May Thurner Syndrome, Stenting, and Everything Else in Between

A patient having their heart rate checked

If you’re having an unusual discomfort and your doctor said that you have blood clots in your blood circulatory system, there is a high chance that you’re suffering from May Thurner syndrome and may need stenting. You can only be sure of that, however, if also the right iliac artery seems to compress the left iliac vein, which further predisposes you to deep vein thrombosis from intensive blood clot formation.

In such a case, it is best that you seek help from a medical practitioner who uses innovative technology, such as stents, in treating such venous diseases.

Why Stenting?

You need to keep your veins open to keep the blood flowing through your blood vessels. Stents, which are small, metal- or plastic-meshed tubes, act as the support system. These will need to remain in your body to alleviate the symptoms of May-Thurner syndrome.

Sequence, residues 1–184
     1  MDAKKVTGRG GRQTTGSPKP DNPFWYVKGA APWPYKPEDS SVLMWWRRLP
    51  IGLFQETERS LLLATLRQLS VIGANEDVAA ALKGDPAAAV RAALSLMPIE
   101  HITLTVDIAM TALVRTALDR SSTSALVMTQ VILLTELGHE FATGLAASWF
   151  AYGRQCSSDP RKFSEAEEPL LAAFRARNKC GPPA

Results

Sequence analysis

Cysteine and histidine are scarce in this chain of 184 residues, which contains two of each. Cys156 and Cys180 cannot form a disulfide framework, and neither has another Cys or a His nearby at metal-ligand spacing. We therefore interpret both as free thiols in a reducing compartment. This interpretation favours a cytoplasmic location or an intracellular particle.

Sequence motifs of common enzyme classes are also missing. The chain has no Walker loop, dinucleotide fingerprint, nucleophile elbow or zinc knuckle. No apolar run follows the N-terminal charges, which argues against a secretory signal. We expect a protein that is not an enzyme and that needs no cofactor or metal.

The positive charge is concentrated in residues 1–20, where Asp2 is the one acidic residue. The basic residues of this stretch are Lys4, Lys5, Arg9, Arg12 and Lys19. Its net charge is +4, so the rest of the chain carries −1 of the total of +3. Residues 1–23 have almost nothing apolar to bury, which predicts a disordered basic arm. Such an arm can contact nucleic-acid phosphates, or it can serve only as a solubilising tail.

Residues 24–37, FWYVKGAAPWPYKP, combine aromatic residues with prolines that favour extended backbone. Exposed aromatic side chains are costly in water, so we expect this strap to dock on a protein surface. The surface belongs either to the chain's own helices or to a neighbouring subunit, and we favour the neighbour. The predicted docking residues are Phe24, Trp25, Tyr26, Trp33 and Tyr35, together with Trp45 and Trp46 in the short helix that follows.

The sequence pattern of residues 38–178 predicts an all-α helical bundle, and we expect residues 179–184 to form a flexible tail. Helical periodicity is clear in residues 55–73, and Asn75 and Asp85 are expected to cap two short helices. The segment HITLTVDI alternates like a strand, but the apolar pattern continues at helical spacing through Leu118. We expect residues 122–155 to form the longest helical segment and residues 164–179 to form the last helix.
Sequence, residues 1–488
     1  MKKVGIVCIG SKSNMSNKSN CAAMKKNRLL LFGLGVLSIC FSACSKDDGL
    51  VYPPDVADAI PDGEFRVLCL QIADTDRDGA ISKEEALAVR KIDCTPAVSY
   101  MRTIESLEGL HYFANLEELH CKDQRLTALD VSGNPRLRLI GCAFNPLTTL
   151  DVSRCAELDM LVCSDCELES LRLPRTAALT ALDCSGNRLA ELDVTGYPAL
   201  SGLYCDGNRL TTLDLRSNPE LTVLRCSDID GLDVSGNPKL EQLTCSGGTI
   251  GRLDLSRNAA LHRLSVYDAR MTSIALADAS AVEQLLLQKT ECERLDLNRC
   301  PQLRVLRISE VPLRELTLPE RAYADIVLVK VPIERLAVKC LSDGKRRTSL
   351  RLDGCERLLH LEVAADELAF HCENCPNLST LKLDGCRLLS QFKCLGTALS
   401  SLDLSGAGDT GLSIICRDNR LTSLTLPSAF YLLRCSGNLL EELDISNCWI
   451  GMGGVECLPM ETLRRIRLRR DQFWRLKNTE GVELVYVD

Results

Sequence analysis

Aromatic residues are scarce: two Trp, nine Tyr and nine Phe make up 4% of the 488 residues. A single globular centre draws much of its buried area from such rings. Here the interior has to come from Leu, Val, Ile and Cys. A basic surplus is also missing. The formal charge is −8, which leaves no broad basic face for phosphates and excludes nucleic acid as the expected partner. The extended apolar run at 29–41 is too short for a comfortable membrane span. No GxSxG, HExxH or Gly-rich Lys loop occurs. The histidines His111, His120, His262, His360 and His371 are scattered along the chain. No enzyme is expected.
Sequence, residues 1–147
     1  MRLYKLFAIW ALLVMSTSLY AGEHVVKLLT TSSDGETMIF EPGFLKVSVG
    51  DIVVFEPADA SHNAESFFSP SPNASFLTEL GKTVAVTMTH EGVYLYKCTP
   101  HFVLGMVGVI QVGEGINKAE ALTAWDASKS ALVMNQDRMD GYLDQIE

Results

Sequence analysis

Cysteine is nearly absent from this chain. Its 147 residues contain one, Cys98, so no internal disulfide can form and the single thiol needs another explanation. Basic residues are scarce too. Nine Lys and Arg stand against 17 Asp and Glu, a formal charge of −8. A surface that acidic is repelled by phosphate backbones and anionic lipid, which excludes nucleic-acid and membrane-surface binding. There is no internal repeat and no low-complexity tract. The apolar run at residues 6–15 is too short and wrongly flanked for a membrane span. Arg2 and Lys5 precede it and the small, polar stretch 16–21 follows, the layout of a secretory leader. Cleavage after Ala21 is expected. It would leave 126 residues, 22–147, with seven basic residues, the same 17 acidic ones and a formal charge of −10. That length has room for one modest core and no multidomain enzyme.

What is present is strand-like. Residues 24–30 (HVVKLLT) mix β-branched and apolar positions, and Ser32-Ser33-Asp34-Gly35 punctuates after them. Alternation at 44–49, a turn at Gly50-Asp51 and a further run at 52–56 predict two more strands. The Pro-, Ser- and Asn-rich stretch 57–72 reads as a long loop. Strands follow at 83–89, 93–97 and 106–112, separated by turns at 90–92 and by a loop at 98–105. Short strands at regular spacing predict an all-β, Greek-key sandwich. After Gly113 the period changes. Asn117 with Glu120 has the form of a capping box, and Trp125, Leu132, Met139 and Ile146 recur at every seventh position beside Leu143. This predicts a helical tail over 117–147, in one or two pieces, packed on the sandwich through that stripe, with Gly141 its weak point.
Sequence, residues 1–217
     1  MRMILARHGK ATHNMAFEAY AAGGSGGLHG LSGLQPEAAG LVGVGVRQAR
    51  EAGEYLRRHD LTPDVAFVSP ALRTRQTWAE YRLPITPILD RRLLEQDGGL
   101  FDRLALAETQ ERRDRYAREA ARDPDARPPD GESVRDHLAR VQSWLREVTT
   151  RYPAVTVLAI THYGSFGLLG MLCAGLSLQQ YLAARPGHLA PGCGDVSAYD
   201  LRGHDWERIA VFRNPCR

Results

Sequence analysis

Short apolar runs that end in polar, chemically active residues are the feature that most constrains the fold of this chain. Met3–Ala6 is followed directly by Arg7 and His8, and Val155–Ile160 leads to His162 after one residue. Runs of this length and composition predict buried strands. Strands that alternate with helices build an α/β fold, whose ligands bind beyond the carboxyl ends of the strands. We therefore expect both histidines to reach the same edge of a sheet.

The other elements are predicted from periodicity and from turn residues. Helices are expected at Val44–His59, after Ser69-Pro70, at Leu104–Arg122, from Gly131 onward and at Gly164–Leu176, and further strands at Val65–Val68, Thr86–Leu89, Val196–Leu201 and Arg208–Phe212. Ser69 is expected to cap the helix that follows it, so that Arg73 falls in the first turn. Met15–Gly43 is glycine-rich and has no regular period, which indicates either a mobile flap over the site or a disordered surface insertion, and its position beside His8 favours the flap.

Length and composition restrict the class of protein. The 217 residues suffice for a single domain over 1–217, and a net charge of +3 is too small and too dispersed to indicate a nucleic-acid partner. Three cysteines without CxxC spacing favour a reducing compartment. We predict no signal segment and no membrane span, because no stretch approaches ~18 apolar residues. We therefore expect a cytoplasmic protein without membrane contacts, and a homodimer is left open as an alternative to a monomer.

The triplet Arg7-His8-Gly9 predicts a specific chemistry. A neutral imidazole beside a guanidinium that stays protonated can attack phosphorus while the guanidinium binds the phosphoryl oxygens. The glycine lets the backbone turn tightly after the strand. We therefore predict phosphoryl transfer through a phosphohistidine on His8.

As stents should be in the right position to avoid complications, it’s best that you only have a medical practitioner specializing in treating venous diseases to fit the stents. It’s also advisable that you follow the treatment with frequent checkups to ensure the stents remain in the right position.

Treating Clots

Medical practitioners always recommend that fitting stents only comes after addressing the clotting first to resolve other DVT associated risks. Typically, your doctor will advise either of the following procedures — to take blood-thinning medication or to use clot-dissolving therapy. Either way, you need careful monitoring and use the right dosage to manage the blood clots properly.

If a qualified physician has diagnosed you with May Thurner syndrome, it is best that you get the treatment as soon as possible to prevent it from worsening. You are not beyond help. With proper stenting, you can be free from May-Thurner syndrome.

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